Yes, that's one less than the array length. So if you declare an array score of length 3, the three array indices are 0, 1, and 2, since Java always begins numbering from 0. (Starting from 0 turns out to be more convenient than the intuitive choice of 1.) So even though the array has a length of 3, there is no array element with an index of 3

If you try to access an undefined array index, the program will crash with an ArrayIndexOutOfBoundsException. So be careful with array indices.

To refer to an array element in an expression, type the array variable name, followed by the element's array index enclosed in brackets. You can also do this on the left-hand side of an assignment statement to alter an array element's contents.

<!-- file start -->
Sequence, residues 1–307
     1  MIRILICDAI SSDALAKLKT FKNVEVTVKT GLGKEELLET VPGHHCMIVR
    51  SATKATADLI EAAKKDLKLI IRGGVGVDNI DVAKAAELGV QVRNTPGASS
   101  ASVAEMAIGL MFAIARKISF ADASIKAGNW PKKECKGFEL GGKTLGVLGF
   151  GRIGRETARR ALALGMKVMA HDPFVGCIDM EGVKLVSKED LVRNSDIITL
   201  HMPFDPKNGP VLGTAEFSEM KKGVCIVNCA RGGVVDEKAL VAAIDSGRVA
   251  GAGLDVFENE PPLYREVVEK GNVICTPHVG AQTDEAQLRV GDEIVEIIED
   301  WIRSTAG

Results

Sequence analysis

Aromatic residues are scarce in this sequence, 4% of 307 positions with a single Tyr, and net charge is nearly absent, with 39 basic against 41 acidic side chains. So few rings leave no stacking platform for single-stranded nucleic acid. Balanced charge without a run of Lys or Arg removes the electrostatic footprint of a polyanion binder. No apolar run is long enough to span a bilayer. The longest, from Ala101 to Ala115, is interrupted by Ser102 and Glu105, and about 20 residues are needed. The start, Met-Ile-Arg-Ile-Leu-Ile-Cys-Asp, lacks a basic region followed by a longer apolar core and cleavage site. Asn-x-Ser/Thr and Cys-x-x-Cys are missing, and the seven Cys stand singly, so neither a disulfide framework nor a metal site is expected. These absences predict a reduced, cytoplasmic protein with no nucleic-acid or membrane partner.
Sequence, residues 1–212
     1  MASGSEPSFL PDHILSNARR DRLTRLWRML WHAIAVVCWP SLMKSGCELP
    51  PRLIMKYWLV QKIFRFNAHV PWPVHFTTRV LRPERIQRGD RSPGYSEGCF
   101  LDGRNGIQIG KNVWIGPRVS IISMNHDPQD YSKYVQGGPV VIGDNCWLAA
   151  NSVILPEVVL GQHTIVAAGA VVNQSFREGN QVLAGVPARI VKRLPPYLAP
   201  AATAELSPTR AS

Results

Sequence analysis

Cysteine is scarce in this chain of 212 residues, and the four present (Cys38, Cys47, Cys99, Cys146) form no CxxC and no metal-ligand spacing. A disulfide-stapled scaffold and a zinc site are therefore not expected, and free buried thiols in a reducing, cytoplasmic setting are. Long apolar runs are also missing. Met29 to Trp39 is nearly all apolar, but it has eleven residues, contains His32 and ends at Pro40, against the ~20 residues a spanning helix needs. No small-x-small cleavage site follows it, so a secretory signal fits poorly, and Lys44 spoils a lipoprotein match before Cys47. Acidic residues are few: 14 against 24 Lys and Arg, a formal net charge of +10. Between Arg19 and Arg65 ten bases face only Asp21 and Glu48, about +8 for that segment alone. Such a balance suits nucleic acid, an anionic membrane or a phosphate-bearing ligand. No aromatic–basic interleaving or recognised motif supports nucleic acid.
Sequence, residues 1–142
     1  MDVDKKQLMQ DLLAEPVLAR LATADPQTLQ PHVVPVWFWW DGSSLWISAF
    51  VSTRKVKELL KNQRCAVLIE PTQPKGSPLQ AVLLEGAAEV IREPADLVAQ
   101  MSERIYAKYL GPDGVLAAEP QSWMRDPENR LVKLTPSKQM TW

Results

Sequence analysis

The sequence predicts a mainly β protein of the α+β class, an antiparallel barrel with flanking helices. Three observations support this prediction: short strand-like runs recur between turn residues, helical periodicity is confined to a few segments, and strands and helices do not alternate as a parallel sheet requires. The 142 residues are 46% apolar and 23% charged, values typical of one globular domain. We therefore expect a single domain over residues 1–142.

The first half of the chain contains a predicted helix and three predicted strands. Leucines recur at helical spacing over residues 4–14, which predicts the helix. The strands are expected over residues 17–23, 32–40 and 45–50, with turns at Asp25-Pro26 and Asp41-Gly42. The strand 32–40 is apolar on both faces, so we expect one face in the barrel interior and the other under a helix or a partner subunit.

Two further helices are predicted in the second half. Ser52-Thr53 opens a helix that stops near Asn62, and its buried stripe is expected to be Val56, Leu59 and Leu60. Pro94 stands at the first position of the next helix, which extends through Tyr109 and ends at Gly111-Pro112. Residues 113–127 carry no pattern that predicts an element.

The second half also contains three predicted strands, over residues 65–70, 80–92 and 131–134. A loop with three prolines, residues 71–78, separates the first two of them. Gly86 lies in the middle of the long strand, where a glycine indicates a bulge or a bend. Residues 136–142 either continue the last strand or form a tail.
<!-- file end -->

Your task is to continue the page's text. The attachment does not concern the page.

double[] score = new double[3];
score[0] = 97.0;
score[1] = 83.0;
score[2] = 66.0;
println("Average = " + ((score[0] + score[1] + score[2]) / 3.0));

In these statements we create an array of three numbers, called score. We assigned its three boxes to refer to three test scores, 97, 83, and 66. And finally we printed the average of these. The computer will display 82.0.

The significance of arrays comes when you use an expression to access a particular element of the array. Figure 19.1 contains a short program that reads a sequence of numbers into an array and then prints the numbers in reverse order. For example, the user might experience the following in running the program. (What the user types is in boldface.)

How many scores? 3
Type the scores now.
Here they are in reverse order.

There's no way we could write a program to accomplish this using what we had seen in previous chapters. Using arrays, however, allows us to store an arbitrarily large sequence of data with no troubles.